Retirement assumptions may be wrong

Retirement income Challenger Capital Preferences Superannuation annuity

A new study has found retirement income choices and preparedness are highly individualised and government modelling of cohorts may lead to inaccurate outcomes.

Data on people’s preparedness for retirement held by superannuation funds and the government may not be accurate, with a new study finding nearly 80 per cent of pre-retirees do not feel ready for that event.

The study, titled “Revealing Member Income Preferences”, conducted by Capital Preferences and supported by Challenger, found 78 per cent of pre-retirees did not consider themselves ready for retirement and their preferences for income certainty were not linked to their salary, age or super balance.

Instead, the study found retirement income preferences were highly individualised and the public data on retirement may mislead super funds and the government in how they group fund members when creating retirement income strategies.

Capital Preferences co-founder and chief scientist Shachar Kariv said the study of 4012 Australian super fund members in October 2023 used a ‘revealed preferences’ methodology to model retirement income certainty preferences.

“Simply relying on demographic data to predict income certainty preferences will almost certainly misdiagnose members and hinder super funds in providing fit-for-purpose retirement income assistance,” Kariv said.

“Our findings highlight the importance of recovering individual preferences as part of the member experience.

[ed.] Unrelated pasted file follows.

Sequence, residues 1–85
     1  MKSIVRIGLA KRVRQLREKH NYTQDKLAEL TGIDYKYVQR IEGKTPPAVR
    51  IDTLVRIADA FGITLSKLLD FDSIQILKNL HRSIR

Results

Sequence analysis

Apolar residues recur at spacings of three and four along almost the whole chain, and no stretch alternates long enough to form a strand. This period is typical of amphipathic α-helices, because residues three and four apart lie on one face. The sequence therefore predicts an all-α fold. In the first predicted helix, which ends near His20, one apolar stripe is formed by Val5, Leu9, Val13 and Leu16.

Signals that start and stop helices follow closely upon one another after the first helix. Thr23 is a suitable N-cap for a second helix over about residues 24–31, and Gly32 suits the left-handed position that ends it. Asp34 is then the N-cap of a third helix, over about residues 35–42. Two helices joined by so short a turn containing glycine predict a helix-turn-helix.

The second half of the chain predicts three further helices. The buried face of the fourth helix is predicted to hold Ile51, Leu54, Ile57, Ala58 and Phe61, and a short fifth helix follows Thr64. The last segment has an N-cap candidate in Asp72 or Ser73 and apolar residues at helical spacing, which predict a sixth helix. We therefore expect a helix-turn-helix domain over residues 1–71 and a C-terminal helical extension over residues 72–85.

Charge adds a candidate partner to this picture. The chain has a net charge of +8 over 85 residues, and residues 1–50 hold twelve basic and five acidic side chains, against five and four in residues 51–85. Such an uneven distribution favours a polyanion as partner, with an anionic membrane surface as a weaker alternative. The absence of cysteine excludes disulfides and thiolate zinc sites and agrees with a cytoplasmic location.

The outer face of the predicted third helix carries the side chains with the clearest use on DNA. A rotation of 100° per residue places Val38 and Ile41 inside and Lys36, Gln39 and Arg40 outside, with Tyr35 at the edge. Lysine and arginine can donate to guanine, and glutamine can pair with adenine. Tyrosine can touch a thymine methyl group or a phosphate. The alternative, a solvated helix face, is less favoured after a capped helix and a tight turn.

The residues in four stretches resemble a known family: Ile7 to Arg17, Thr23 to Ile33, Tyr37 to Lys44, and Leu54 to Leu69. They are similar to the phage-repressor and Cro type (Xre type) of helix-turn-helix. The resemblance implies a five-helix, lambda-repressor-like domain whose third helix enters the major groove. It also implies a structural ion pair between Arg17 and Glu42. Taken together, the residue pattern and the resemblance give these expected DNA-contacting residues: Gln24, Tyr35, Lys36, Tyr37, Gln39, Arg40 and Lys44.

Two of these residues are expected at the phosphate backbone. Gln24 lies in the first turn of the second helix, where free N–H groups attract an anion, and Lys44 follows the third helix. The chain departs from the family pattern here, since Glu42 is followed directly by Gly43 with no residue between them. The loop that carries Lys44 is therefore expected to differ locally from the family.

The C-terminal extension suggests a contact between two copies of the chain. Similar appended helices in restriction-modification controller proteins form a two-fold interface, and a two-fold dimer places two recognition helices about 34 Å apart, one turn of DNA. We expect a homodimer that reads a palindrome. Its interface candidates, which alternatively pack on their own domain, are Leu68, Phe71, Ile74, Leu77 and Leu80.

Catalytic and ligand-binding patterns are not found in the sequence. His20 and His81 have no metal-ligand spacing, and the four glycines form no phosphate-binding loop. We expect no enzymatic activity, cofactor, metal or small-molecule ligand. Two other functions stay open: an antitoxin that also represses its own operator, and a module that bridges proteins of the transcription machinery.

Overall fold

“Members can’t self-report their preferences in areas of risk, but they can show us with their decision-making.”

As such, home ownership and ownership of a guaranteed lifetime income product (GLI), such as an annuity, were the top two contributing factors associated with a greater sense of retirement preparedness.

However, the study found two-thirds of people under 65 had no knowledge of GLI products and only 8 per cent of those aged 55 to 65 had any awareness of them.

Capital Preferences noted that while 3.5 per cent, or $43 billion, of the $1.23 trillion pool of retirement income savings, including superannuation, was in GLIs, based on its research a further $145 billion of super for those aged 55 to 74 could be transferred into a GLI to meet their preferences for long-term income certainty.

The release of the research follows the opening of consultation late last year by Financial Services Minister Stephen Jones on an examination into how superannuation members can be supported in navigating the retirement income system, how funds can deliver better retirement income products and how lifetime income products can become more accessible. The consultation will close on 9 February.

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